We all know that a proper business meeting should start with a handshake but until now, we have not known exactly how much impact that seemingly small gesture can make. Turns out, the impact is substantial, according to new research that examines the neurological and emotional effects of a handshake.
“Handshakes have been proven to increase the perception of trust and formality of the relationship, and a handshake initiated by a female has been shown to increase the perceived feeling of security when making risky financial decisions,” says Sanda Dolcos of the University of Illinois, who presented new research this week at the Society for Neuroscience annual meeting in New Orleans. “Yet, the study of interpersonal and emotional effects of handshake, and the associated neural correlates, has been largely neglected.”
Therefore, Dolcos and colleagues set out to study the crucial role handshakes, as well as other body language, plays in how we evaluate social interactions. Unlike past research on this topic, they designed scenarios that would use dynamic social stimuli as opposed to static ones (such as faces), combined with behavioral measures to link to brain imaging data.
Participants watched a series of 10-second videos that showed a host greeting a guest with body language to show either approach or avoidance behaviors. In the approach condition, a host stepped toward the guest while displaying an “open/inviting” posture with open arms and smiling face. In the avoidance condition, the host stepped away while displaying a “closed/noninviting” posture with crossed arms/legs and a grimace on the face. Unanimated hosts were used for the control condition for no social interaction. In half the social interaction videos, hosts preceded the greeting with a handshake.
Researchers measured the brain activity of the participants while watching the videos and then asked the subjects to rate the hosts on “competence,” and “trustworthiness,” as well as their own “interest in doing business” with the host.” In general, participants rated the approach condition more favorably than the avoidance one. And, to the researchers’ surprise, the handshake not only improved the favorable rating for the approach condition but also reduced the negative impression of the avoidance condition.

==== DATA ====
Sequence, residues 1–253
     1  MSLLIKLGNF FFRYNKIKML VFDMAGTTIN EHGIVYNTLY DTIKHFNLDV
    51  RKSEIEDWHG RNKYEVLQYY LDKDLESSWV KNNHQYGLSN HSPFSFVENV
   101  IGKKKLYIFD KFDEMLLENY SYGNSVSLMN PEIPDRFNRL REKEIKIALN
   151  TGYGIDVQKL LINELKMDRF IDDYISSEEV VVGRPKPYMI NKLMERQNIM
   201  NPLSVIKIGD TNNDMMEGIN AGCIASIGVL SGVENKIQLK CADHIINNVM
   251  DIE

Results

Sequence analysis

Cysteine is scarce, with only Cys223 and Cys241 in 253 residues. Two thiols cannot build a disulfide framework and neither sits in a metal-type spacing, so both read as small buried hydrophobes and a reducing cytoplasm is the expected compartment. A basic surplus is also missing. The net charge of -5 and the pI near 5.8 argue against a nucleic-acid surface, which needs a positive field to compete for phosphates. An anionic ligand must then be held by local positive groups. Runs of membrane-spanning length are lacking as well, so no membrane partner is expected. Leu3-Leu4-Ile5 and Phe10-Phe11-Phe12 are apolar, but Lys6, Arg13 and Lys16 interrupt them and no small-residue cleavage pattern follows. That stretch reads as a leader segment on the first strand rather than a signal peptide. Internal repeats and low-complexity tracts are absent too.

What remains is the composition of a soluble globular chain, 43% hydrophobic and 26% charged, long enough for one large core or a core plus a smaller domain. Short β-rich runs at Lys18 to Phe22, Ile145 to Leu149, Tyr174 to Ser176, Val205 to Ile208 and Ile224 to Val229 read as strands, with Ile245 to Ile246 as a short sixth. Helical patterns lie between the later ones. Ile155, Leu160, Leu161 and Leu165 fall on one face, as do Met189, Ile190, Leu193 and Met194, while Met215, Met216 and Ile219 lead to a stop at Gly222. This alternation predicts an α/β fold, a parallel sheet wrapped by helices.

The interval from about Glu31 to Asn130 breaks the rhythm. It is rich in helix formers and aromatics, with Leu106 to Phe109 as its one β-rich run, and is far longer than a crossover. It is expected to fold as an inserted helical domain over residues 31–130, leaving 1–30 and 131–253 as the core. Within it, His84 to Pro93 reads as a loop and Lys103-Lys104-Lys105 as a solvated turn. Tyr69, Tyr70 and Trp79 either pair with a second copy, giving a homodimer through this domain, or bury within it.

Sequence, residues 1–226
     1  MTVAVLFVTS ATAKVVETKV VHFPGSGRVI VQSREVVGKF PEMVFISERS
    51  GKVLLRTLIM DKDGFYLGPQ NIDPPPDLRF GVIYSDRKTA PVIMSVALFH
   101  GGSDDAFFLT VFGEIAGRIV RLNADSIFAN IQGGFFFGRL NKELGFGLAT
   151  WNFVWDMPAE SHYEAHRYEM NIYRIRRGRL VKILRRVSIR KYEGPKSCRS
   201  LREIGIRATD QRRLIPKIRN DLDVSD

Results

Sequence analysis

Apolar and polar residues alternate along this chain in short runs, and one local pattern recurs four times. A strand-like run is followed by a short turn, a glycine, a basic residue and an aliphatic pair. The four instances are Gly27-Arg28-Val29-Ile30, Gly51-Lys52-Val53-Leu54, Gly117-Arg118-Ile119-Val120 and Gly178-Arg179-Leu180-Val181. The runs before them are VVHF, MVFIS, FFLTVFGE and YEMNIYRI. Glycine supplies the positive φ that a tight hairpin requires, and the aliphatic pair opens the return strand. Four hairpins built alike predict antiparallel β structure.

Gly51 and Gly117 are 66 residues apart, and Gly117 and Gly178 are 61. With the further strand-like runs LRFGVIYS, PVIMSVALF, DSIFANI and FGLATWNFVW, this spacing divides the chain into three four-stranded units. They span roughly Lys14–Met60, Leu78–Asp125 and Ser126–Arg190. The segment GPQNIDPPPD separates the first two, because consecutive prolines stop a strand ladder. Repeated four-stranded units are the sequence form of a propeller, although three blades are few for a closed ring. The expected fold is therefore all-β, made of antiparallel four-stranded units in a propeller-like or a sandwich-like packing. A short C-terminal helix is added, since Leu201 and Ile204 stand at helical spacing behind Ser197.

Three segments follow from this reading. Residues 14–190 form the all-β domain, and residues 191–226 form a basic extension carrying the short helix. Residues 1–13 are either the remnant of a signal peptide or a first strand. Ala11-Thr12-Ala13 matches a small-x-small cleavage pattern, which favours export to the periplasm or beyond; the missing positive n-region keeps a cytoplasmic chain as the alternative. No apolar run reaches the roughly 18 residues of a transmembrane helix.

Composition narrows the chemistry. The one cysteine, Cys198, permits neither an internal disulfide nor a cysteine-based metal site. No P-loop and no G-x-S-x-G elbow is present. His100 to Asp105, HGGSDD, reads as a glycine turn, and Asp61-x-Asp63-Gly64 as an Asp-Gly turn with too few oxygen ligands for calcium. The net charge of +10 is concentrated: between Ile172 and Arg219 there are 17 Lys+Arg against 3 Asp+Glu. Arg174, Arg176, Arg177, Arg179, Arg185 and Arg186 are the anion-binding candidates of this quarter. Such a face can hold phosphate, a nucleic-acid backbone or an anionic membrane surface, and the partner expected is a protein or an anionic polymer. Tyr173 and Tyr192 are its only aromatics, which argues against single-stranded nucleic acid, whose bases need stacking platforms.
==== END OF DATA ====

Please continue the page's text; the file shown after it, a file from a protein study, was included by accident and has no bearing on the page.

“This finding is very important, as it suggests that handshake preceding social interactions not only can increase the positive impact of good impressions but can also reduce the negative impact of bad impressions,” Dolcos says. “Many of our social interactions may go wrong for a reason or another, and a simple handshake preceding them can give us a boost and attenuate the negative impact of possible misshapenings.”
The researchers also found that common brain regions in the social cognition network were involved in the evaluation of the approach and avoidance conditions. Specifically, the results showed that positive evaluation of the approach behavior and the positive impact of the handshake were linked to increased sensitivity in the amygdala and superior temporal sulcus. And they found greater activity in the nucleus accumbens for the handshake than for the no-handshake condition.
Overall, these findings not only replicated previous reports that identify activity in regions of the social cognition network, but also provided insight into the contribution of these regions into evaluating approach and avoidance social interactions, and grant neuroscientific support for the power of a handshake, the authors say. “Our study identifying the behavioral and neural correlates of handshake is giving insight into just how important the practice is in the evaluations we make of subsequent social interactions,” Dolcos says.
Next, Dolcos and colleagues plan to investigate the effects of other common gestures used in various social interactions. Dolcos also is interested in the the role of cultural aspects in social interaction.
-Lisa M.P. Munoz
The paper – “The Power of a Handshake: Neural Correlates of Evaluative Judgments in Observed Social Interactions,” Sanda Dolcos, Keen Sung, Jennifer J. Argo, Sophie Flor-Henry, and Florin Dolcos – was published in the Journal of Cognitive Neuroscience, online on September 27, 2012.
Media contact: Lisa M.P. Munoz, CNS Public Information Officer, firstname.lastname@example.org
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